Co-op Bank sheds 25,000 customers but losses narrow
The Co-operative Bank has said it lost about 25,000 current accounts during the first half of the year amid the uncertainty over its future.
It also saw £400m of instant access savings cash being withdrawn in a period that saw it being put up for sale before a rescue deal was agreed.
However, half-year losses narrowed to £135.2m from £177m last year.
In June, the Co-operative Bank agreed a £700m rescue package to stop itself from being wound up.
The bank said that the deal was progressing to plan and was "on track" to be completed by September.
The Co-op Bank was rescued from the brink of collapse by a group of hedge funds in 2013, after bad property loans contributed to a £1.5bn hole in its finances.
In February this year, the bank was put up for sale after it was unable to reach a strong enough financial footing to satisfy Bank of England regulations.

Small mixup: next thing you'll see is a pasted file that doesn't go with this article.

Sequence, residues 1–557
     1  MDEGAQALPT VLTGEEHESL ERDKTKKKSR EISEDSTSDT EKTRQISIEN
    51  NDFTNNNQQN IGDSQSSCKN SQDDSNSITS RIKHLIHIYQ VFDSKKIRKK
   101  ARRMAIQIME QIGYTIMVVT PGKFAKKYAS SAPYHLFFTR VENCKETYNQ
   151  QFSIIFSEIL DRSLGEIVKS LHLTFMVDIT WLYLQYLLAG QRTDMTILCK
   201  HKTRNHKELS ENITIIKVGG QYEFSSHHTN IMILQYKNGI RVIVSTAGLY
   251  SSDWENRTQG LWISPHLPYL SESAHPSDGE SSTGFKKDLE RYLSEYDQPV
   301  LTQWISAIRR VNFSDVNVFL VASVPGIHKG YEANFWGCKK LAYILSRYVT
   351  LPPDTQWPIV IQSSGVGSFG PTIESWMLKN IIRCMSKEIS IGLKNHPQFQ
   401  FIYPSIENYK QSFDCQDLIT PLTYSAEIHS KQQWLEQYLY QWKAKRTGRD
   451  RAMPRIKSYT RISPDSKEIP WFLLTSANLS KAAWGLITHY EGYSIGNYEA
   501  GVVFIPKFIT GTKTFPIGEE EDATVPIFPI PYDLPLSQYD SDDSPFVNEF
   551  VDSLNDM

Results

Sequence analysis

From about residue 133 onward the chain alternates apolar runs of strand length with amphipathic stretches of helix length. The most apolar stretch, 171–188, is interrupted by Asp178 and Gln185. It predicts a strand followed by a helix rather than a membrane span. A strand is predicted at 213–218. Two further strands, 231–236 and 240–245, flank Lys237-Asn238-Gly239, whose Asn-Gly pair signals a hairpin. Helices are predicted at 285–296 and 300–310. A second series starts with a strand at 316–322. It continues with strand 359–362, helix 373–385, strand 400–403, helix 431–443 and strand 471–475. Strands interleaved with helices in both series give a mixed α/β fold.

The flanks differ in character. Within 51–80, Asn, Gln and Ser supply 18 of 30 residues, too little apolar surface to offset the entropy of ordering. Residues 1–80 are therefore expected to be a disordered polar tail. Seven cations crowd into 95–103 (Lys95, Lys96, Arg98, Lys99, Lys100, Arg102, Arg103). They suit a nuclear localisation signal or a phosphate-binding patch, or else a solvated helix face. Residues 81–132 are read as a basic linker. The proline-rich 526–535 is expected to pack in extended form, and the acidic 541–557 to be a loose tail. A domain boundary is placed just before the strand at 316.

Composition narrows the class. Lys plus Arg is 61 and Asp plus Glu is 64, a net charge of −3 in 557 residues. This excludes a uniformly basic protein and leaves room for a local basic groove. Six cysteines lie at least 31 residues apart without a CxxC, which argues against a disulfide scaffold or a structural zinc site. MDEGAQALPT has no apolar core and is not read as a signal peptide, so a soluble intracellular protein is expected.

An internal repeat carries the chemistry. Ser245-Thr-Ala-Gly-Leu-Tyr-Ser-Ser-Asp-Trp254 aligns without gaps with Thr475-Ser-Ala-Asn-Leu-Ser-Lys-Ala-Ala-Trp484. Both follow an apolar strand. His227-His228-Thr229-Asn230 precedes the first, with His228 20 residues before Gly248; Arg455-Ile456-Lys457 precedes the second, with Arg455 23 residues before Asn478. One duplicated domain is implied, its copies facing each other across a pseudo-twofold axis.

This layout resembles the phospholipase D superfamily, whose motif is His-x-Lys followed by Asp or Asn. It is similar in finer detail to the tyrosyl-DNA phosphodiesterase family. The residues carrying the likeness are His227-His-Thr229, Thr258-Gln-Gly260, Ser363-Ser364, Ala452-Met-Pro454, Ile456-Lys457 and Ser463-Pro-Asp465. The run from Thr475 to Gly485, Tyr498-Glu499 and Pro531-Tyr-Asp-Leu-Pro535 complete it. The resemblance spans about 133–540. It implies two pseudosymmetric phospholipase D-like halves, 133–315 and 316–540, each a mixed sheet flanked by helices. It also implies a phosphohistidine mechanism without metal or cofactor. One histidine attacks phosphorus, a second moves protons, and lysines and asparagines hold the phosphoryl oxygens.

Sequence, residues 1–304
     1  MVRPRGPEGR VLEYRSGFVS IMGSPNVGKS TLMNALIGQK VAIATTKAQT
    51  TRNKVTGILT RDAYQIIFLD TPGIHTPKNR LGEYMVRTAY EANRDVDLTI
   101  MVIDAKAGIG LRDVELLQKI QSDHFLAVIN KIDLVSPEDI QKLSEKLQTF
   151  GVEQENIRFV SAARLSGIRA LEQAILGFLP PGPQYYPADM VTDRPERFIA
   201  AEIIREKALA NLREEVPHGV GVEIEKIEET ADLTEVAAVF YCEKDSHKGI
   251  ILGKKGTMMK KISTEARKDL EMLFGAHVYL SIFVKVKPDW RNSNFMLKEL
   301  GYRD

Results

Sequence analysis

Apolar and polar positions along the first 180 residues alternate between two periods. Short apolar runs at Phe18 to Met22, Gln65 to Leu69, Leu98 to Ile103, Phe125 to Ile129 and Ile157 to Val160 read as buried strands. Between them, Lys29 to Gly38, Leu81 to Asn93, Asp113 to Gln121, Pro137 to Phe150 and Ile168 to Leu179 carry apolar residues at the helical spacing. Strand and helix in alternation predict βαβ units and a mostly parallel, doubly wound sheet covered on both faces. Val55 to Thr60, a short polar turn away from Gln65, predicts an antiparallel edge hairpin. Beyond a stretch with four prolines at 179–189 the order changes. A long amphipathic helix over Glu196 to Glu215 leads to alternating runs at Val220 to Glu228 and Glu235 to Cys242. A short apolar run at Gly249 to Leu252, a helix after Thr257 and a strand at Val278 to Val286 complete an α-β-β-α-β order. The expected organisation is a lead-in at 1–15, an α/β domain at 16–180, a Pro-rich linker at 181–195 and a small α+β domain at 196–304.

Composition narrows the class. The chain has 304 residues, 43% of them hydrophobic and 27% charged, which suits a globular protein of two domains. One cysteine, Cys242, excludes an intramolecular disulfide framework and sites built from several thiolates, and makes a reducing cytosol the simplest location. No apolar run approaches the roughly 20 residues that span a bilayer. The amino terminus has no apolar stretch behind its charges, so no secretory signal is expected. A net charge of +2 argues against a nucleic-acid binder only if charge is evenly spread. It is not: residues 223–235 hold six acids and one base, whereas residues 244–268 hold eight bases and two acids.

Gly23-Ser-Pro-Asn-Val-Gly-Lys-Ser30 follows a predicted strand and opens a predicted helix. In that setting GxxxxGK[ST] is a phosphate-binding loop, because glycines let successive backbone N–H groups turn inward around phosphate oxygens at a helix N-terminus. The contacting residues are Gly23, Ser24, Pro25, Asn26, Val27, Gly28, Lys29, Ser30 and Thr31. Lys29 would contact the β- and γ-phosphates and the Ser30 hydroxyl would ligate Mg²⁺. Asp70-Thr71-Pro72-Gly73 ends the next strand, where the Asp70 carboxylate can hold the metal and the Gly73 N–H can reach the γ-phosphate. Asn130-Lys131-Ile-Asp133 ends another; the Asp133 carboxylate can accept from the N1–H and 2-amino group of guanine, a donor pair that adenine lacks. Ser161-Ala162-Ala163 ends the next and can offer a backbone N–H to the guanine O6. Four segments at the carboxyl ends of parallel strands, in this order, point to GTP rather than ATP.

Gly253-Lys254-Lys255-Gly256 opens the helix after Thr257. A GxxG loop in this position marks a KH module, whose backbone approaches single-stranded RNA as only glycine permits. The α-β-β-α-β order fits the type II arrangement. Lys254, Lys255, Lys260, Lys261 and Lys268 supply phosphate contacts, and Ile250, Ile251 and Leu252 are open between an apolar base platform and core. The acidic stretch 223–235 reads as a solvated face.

However, the sale plan was dropped after its existing investors agreed to a rescue deal, which will see them swap their debt for a stake in the bank. The Co-op Group's stake in the bank will fall from 20% to about 1%.
Chief executive Liam Coleman said the completion of the restructuring would "secure the future of the Co-operative Bank as a viable stand-alone entity".
He also said that trading in the first half of the year had been "resilient", given the backdrop of the talks over the bank's future.
Although the bank had lost current accounts, the fall was less than 2% of its total, and it still had 1.4 million current account customers.
"The vast majority of customers have remained very loyal as we have progressed the sale and capital raise process and I am extremely grateful for their ongoing support," Mr Coleman said.
"Of course there is more hard work ahead, and, like other banks, we recognise there are risks to the UK economy, but this is a great bank and we are positive about the future."